Aidan: C+. My issue isn’t with Kessler as a player so much as his value at this pick as compared to other options. Jaden Hardy and TyTy Washington would have provided on-ball offensive juice, and as much as I believe in Kessler as a rim protector, that’s a skill found more easily with less prized assets.

Jack: C. The Wolves are in a unique situation where the versatility and long-term security of their core allows them to take high potential swings. Like Aidan said, Kessler is not that and his optimized skillset doesn’t cost as much as that of a wing or guard. He functionally fills a need of a drop coverage center who can play a bit out at the level, but I don’t think this pick moves the needle all that much in the interim. Kessler was No. 33 on my board.

NCAA Men’s Basketball Tournament - Sweet 16 - San Francisco

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Trade: No. 29 and two SRPs to HOU for No. 26 | Grade: B-

In this deal, Houston received the draft rights to TyTy Washington Jr. and the Wolves’ 2025 and 2027 second-round picks.

Tyler: B-. The move itself is fine. Moving further up in the first while offloading two future seconds doesn’t bother. So, the machinations of the trade are fine. What they did with that pick, though, felt vanilla.

Aidan: C. Again, I’m all about taking multiple attempts in the draft. I didn’t see the value in giving up two future picks to move up three spots when plenty of players I had ranked in the late-teens and early-twenties were on the board.

Jack: A-. Two future second-round picks don’t matter that much in the grand scheme of things if it means getting a guy at surplus value according to your team’s board. Like I wrote above, Moore Jr. was a player linked to Minnesota at No. 19, so I understand moving up to go get him. Connelly and company recouped future second-rounders with later trades in the second round, which makes this move look better after the fact.

No. 26 – Wendell Moore Jr. | Grade: B

Wing | 6-5, 215 pounds, 7-1 wingspan | JR, Duke | 20.7 years old

Tyler: C+. Moore is a young junior and improved a lot during his time at Duke, but again, it’s tough for me to get overly excited about this pick. Moore provides some wing depth, but I’m not sure who I see him being an improvement over. The shooting leap he took next year needs to be real, otherwise I’m not sure he’s more than a toolsy 9th man in a rotation.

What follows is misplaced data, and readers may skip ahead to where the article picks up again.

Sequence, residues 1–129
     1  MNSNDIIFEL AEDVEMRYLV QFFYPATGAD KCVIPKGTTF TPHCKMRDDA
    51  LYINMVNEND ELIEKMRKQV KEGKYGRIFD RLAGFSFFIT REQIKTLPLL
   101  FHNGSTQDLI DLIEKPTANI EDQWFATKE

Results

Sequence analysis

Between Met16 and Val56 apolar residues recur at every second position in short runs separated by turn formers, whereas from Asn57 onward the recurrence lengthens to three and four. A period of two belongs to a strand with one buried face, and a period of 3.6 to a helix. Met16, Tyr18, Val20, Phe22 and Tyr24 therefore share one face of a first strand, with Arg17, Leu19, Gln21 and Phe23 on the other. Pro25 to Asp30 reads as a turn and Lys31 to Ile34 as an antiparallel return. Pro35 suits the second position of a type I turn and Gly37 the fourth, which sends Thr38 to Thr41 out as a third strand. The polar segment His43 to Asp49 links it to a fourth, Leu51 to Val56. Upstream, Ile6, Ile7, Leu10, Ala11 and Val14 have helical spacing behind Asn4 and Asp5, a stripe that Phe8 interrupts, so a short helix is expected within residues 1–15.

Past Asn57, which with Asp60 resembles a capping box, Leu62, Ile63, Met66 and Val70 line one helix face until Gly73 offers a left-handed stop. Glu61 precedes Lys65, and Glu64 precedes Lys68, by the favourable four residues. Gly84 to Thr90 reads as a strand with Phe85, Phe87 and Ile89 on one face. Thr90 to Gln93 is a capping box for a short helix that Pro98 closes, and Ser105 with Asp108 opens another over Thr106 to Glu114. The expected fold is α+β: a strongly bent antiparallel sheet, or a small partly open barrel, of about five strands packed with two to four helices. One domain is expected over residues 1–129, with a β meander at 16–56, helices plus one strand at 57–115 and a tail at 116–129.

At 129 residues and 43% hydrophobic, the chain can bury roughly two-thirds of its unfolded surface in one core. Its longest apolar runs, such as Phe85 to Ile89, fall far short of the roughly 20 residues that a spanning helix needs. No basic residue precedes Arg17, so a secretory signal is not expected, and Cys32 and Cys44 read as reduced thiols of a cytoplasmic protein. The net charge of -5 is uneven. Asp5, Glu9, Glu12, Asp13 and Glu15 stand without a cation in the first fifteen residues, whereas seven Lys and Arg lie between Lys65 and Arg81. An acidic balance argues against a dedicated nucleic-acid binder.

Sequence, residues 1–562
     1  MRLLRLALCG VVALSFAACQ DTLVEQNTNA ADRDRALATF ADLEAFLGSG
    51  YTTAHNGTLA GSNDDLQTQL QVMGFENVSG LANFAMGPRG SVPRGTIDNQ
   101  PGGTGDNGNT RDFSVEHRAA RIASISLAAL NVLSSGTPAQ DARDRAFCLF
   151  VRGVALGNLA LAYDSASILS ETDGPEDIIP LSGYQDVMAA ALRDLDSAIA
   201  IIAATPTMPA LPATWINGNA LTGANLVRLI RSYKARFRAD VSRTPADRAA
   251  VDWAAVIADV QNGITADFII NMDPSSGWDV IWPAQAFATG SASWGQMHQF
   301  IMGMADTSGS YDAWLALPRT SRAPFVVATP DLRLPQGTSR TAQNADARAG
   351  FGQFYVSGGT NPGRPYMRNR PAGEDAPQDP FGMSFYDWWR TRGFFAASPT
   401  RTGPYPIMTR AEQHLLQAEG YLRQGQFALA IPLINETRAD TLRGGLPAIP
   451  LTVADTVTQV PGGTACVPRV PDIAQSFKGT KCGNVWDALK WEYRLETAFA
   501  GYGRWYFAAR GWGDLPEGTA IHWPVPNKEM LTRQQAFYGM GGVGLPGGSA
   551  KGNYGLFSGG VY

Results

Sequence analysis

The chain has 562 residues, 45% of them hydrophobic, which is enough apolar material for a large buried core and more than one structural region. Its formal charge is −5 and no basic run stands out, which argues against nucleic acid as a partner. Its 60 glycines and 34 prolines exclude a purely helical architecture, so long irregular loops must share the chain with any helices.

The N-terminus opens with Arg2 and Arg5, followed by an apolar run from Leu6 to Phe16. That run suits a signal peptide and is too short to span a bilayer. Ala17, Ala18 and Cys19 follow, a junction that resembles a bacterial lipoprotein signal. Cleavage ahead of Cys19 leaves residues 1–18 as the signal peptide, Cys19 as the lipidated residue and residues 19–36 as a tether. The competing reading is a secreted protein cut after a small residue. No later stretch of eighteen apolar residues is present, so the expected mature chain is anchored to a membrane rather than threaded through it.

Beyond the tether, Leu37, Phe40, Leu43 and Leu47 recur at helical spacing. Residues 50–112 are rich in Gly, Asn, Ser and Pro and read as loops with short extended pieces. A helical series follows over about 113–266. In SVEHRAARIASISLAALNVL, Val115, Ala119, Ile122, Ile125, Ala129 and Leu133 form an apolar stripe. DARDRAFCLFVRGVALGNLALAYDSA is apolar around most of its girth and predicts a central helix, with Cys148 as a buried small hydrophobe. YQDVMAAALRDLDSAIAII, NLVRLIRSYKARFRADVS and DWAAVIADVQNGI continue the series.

Aidan: C+. Another case where my gripe is with a missed opportunity rather than the player himself. Moore has proven he can contribute to winning basketball and has a solid all-around game. He’s not a player likely to be picked on in any way, I just wonder if we’re going to remember him as a guy with no strengths rather than a guy with no holes.

Jack: A-. I had Moore Jr. No. 26 on my board, so I thought the value was spot on here. Moore Jr. has all the tools necessary to be an excellent complementary player at the NBA level. He’s long, strong, and understands angles well defensively, plus he plays well without the ball in his hands as a catch-and-shooter and cutter on offense. I see him contributing more from Day 1 than Kessler, given his very solid secondary playmaking upside beside Jordan McLaughlin and Malik Beasley off the bench and his ability to play on or off-ball very comfortably.


Cincinnati v Memphis

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No. 45 – Josh Minott | Grade: B-

PF | 6-8, 205 pounds, 7-0 wingspan | FR, Memphis | 20.5 years old

Tyler: C+. Timberwolves fans’ favorite John Hollinger had Minott as his 10th ranked prospect. Take that how you will. Minott has great physical tools and a high motor, but he is the definition of a project. His shot needs tremendous work, and his defense needs to be more disciplined. The second round always gets wonky, so it’s not a bad upside swing. He has tremendous upside, but he is no where close to ready for NBA minutes.